Sunday 4/29 On our way from Tricastella to Sarria . It was raining lightly but we still chose the slightly longer route in the hillside rather than taking the road. This way goes to the town of Samos where there is a beautiful old monastery. The winding trail was beautiful and very quiet. All we could hear was the river, birds and our own feet on the path. We saw no one but a farmer and two cyclist until one busload of people were dropped off in Samos. They were happily walking for the first day of their Camino from Samos to Sarria and were very energetic and excited. When Colin and I stopped to rest we ended up getting off their schedule and had what would turn out to be our last peace-filled day on the Camino.
I know now why most people took the shorter route along the road; our path was several miles longer and tougher on this rainy day, but I am grateful we had that last precious quiet walk together before the storm of the crowds to come.
Monday 4/30. On our way from Sarria for the last leg of this trip. About 113 km and probably 4 days or so. What a difference there is today. There are many people starting their Camino from this point. Sarria is the last place to begin your walk and still get the requisite number of km in order to get a certificate. There are hundreds of additional pilgrims, many dropped off by bus.
The change in atmosphere is drastic and it feels like a completely different vibe. In some ways it is nice to see all of the happy, smiling people beginning their journey, but it certainly takes away from the enjoyment of our experience of having space for quiet reflection. It is hard to imagine anyone can feel at peace when someone is playing a bagpipe chanter, a tour bus of high school students descends excitedly on the trail and hundreds of people walk and chatter loudly in several competing languages. It almost feels like we (and the others who have walked for 30+days ) were on a secluded island but discovered today that our beautiful island was actually part of a theme park.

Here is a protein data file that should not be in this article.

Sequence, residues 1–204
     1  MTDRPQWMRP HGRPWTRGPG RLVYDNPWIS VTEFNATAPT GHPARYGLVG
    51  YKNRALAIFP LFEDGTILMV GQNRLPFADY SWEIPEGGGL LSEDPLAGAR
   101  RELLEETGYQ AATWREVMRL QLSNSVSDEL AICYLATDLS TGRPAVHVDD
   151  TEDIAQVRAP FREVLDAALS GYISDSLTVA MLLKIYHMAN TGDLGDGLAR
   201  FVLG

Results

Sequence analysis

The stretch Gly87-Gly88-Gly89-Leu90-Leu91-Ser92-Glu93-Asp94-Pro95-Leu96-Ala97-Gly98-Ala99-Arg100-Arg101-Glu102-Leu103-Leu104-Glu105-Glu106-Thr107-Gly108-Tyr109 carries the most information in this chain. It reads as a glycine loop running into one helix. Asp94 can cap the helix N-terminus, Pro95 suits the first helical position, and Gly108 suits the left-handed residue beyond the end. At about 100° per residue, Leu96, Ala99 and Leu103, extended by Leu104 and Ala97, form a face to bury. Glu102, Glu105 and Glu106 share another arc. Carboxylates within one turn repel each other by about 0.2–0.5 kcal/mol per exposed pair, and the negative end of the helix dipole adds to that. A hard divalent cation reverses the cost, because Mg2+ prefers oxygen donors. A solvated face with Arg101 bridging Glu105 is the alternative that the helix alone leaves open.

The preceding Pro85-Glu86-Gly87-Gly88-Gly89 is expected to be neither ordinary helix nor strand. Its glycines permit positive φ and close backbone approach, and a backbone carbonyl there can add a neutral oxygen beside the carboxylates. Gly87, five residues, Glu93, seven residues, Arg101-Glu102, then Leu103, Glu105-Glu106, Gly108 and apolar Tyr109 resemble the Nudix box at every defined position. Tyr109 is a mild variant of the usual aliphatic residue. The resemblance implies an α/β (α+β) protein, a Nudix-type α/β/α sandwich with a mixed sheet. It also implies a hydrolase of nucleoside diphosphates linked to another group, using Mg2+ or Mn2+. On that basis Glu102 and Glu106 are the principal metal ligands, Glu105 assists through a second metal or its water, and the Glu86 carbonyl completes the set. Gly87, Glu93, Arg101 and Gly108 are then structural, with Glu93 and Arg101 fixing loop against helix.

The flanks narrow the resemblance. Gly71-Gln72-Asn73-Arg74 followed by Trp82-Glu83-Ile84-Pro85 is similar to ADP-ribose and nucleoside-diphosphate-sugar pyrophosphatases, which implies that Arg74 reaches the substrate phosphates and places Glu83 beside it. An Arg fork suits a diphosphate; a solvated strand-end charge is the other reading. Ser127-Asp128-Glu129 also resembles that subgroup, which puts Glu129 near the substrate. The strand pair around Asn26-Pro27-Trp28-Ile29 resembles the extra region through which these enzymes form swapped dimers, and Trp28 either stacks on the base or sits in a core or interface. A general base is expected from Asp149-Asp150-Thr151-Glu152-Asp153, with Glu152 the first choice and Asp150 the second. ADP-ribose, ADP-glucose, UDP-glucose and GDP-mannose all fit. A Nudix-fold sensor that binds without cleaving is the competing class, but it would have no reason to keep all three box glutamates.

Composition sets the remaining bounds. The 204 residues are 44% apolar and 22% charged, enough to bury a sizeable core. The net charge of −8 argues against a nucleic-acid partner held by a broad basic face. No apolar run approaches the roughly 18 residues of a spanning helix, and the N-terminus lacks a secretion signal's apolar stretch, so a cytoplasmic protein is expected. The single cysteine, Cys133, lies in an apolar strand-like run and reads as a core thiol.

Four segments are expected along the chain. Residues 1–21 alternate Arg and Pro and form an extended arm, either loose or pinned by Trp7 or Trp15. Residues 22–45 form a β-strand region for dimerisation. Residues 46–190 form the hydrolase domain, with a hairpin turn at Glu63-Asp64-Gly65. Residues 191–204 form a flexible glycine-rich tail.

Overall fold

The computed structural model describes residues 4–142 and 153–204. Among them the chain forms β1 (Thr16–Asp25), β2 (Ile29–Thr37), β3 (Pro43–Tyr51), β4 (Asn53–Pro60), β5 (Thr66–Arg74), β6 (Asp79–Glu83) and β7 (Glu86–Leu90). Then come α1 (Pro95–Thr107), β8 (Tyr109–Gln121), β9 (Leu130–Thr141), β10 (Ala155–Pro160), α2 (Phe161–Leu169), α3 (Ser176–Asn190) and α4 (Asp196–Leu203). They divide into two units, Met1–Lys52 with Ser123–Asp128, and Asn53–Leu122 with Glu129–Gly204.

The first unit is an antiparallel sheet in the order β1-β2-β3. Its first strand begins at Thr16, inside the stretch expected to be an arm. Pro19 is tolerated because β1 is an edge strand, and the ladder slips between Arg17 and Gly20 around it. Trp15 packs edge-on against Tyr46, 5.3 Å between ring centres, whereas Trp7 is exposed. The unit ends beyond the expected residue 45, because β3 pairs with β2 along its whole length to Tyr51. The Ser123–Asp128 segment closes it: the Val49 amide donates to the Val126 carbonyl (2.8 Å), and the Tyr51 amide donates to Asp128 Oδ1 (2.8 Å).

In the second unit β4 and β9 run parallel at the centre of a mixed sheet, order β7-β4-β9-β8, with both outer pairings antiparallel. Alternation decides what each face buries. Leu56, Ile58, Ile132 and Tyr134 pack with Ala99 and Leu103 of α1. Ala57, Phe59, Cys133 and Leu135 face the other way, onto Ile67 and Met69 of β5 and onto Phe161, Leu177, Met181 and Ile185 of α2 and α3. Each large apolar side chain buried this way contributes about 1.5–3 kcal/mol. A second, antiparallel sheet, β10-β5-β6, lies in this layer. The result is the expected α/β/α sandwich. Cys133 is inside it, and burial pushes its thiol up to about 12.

Within the hoards of people today we met our friend (I don’t even know his name) who has been on the same route with us for days. We can’t communicate well but we already have a bond. He always says, “ciao bella” when he sees me and usually kisses my hand (he is an older Swiss gentleman if you are wondering). Today he greets us with his usual words and gives me a very heart felt hug. He, like us, is very happy to see someone who feels like a recent family member amongst all of the new strangers and wonders if we landed in a different world than we left yesterday.
Also during today’s walk we found Monique and Simon; a couple from Australia we have seen several times over the past week. We end up walking together and feel a bond and comfort as we navigate around all of the others. I am slow as usual and we get to our destination- Portomarin- a bit later than we probably should have. The town is packed and beds are hard to find. Monique and Simon get the last two places at one of the albergues and the wonderful host there helps us find another one up the street. He and this older couple (I think they must be related) are so helpful to all who come by. It seems crazy that people are still coming to town three hours after us looking for beds. We feel sad for people who feel lost and are wondering about where they might sleep. I can’t imagine having this crowd during our entire trip and I am glad we began walking a month ago before the season really started (even though we had snow).
Well, for tomorrow we have reserved four places in an albergue with our new friends. I guess the days of blissful wandering may be over but I’ll update you later on. Either way we are experiencing all aspects of what this pilgrimage has to offer. Ciao Bella and Hasta Luego!